BUL Event on the Use of Force, Legitimacy, Non-state Actors, and Bilateral Security Agreements
On January 18, at the Brunel University London (BUL) School of Law, the BUL International Law Group, held an event exploring the use of force and international law (the video can be found here). The discussants addressed questions that are sure to be on the minds of international law researchers in the near future and it is on this account that I want to offer my own as well. With a major conflict ongoing between Russia and Ukraine and several others around the world, the event put in its kaleidoscope three themes related to the use of force: legitimacy, non-state actors and bilateral intervention agreements.
On this account, Dr. Christoforos Ioannidis, King’s College London Dickson Poon School of Law, explained under which circumstances legitimacy can become an objective standard that can be used to justify the use of force. Bemoaning how the legitimacy card has been used so far in the cases of Kosovo or the second Iraq War, Dr. Ioannidis advocated a clear threshold and necessary conditions like democracy or retention of human rights in order for any use of force to be able to be termed “legitimate,” attributing also a moral parameter to the use of force. His point raises the question of whether legitimacy can be used in principle as an ex ante notion or as Dr. Yahli Shereshevsky, Senior Lecturer at the University of Haifa Faculty of Law later noted, legitimacy is always a notion that is brought ex post.
Retaining the possibility for legitimacy to be brought also ex ante, Dr. Ioannidis underlined the independent identity of legitimacy as a notion vis à vis legality, with Dr. Pietro Sullo, Reader at the Brunel University London School of Law, asking whether this should mean that legitimacy will replace legality as a ground for military intervention in the future.
The question is cardinal and lies at the core of whether international law in general and the use of force in particular, should be seen on a de lege lata or de lege ferenda basis. International practice regarding the right to self-defense has demonstrated that when it comes to the notion of the use of force, a de lege ferenda reading cannot be automatically excluded. Thus, whereas on a de lega lata basis, Article 51 of the UN Charter holds that the right to self-defense can be exercised only against States, self-defense also against non-State actors has been asserted by scholars on a de lege ferenda basis, following 9/11.
The second idea considered was the position taken by Dr. Shereshevsky regarding the fact that the use of force against non-State actors should be equally deemed in violation of international law in the way this is true regarding the use of force against States. Underlining how States exercising force even against non-State actors refer to the notion of self-defense as a justification, Dr. Shereshevsky detected that States do consider that the use of force against non-State actors can be illegal and thus seek to justify it. This equation of State and non-State actors when it comes to the exercise of armed force, is interesting and can be added to the general framework regarding the equation between the two different entities also in a number of other issues, such as their binding by international human rights law or international humanitarian law standards.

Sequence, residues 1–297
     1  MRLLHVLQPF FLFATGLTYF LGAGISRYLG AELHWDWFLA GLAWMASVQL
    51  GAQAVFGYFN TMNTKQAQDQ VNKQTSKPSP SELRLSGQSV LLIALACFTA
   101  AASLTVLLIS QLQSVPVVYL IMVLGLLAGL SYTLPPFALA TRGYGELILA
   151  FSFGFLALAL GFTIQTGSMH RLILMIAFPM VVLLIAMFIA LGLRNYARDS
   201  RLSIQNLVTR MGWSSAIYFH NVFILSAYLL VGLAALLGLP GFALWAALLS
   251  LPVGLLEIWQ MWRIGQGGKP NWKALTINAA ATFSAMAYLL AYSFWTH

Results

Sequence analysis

Bilateral Security Agreements
Finally, a third parameter concerned bilateral security agreements between States giving them the right to militarily intervene in one other’s territory. Dr. Saeed Bagheri, Lecturer at the University of Reading School of Law, underlined dangers lurking behind some arrangements that employ terse or vague wording left to broad interpretation. He argued that State consent for another State to invade the first’s territory can never be valid. On this, the question is why. If respect for sovereignty is the dictating factor behind forbidding consent to foreign intervention, consent in the first place can be deemed an exercise of sovereignty assuming the consent has been given freely and according to the State’s internal constitutional processes.
When this is not so, the legitimacy argument previously addressed by the discussants must be reconsidered. It is true that military agreements can be prone to abuse by invading States, either in loco or in tempo, with the State intervening more than required in foreign territory or conducting operations without coordination or warning. Yet, any such violations raise the question of whether they are so grave as to create a threshold that, a priori, disqualifies the conclusion of such agreements. The point returned the discussants to the legitimacy discussion and the need for a threshold there closing the discussion and lending to a circular aspect.
Concluding Thoughts and Thanks
In conclusion, the event brought to the table new ideas and approaches to the way future discussions on the use of force should be shaped. The BUL International Law Group thanks discussants for their contributions. They also serve as a turning point for the future events the Group is organizing and have been highly enlightening in light also of the current Ukraine-Russia conflict.
Dr Solon Solomon is Lecturer (Assistant Professor) in the Division of Public & International Law at Brunel University London, School of Law and co-Director of the BUL International Law Group.
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